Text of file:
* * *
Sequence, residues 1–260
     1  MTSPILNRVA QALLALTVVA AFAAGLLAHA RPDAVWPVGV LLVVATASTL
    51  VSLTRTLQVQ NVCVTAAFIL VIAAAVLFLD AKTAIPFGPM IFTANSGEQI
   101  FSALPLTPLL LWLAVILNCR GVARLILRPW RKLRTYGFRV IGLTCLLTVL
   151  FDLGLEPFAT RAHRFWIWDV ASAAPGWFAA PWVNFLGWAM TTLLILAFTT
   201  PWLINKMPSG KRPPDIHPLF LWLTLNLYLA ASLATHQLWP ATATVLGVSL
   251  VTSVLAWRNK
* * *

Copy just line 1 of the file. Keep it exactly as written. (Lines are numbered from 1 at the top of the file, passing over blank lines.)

Sequence, residues 1–260